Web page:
If eliminating the personal tax on dividends does increase payouts, as firms such as Oracle hint it might, more funds will be available to whatever enterprises investors find most attractive, rather than being locked into the companies that prefer to retain the money for their own use. Capital markets will have been deepened and made more competitive.
The second advantage that the White House is touting is that increased dividends will help to drive share prices up—perhaps by about 5 percent according to James Poterba, an economist at the Massachusetts Institute of Technology, twice that according to the White House. Studies show that the some 3-5 cents out of every dollar of increased wealth will be spent, but even that effect will take some three years to make itself felt. So stimulus is not the sole the reason for this portion of the tax cut.
The real objective is the longer term one of permanently binding what conservative Republicans believe to be a new class, the shareholding-investor class, to their party. According to a Wall Street Journal/NBC News poll, 62 percent of Republicans and about 50 percent of Democrats have at least $5,000 directly invested in shares or mutual funds. All in all, some two-thirds of voters own shares, either directly or pension and retirement funds. All of these shareowners would benefit from any boost to share prices resulting from the president’s plan.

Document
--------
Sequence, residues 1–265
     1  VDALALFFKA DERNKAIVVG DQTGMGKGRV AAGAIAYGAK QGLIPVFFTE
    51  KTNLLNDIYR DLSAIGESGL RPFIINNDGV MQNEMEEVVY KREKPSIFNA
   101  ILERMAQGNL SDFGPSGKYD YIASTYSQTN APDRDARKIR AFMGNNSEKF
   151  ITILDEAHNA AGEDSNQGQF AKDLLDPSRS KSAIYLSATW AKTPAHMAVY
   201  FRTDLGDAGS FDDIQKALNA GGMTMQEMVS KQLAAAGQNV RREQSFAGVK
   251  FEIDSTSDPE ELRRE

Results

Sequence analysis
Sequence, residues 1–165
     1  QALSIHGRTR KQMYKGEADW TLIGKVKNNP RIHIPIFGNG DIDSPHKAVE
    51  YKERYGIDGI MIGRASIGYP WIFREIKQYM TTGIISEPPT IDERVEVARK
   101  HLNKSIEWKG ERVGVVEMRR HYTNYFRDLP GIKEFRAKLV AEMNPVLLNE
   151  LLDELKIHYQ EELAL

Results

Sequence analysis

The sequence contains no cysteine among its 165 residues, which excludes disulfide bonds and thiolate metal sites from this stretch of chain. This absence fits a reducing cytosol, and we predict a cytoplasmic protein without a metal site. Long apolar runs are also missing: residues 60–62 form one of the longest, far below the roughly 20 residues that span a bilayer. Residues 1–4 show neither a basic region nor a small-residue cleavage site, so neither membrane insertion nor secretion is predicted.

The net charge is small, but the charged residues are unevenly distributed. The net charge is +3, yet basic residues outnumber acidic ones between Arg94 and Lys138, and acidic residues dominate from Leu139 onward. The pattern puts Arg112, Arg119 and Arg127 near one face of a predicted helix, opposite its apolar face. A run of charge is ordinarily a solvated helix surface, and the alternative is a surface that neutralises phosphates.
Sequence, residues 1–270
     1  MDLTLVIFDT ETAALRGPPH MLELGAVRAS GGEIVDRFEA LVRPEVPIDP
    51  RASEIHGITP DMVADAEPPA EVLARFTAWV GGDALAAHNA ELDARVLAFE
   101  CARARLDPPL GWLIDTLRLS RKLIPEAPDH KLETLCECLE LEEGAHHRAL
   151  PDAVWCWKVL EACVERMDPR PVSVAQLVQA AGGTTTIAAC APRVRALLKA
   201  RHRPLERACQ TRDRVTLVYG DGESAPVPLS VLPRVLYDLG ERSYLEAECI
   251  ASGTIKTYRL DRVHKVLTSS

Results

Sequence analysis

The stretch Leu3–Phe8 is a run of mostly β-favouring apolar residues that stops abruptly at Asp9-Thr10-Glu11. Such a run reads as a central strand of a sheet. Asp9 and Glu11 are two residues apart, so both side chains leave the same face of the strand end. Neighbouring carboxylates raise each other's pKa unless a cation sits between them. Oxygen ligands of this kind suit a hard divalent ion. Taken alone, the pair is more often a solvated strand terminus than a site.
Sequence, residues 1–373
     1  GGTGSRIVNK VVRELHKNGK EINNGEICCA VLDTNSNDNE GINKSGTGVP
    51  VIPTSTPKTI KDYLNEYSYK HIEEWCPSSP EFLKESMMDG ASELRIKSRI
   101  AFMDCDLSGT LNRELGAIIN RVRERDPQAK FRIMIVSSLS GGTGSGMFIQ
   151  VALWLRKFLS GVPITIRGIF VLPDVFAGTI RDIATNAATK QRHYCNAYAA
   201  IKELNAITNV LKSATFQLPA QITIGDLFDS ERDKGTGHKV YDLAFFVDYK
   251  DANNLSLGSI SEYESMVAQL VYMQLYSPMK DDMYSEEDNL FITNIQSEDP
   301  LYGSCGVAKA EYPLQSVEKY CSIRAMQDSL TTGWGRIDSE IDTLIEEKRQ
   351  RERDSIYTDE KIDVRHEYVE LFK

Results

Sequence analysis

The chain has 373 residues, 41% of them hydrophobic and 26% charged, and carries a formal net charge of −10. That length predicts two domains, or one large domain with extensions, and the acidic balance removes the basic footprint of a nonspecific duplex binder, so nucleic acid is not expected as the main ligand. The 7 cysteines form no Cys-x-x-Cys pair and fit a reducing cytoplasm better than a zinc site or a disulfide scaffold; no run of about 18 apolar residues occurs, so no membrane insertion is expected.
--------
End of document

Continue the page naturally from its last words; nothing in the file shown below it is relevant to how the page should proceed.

Nor is stimulus the main reason for the proposal to send a check for $400 per child to families with children under the age of 16, and with incomes of less than $110,000, and to establish a permanent $1,000 per child tax credit which, it should be noted, would not go to most single moms, who are too poor to pay taxes. Conservative Republicans are convinced that marriage reduces the ranks of the poor, and believe that tax credits can stimulate family formation. So studies that show that one-off $400 checks are more likely to be saved than spent, and therefore won’t provide much stimulus, worry them not. Their goal is to encourage family formation, which is why the president proposes that a family of four, earning $40,000 per year, pay no tax, while a single person with an identical income pay almost $5,000.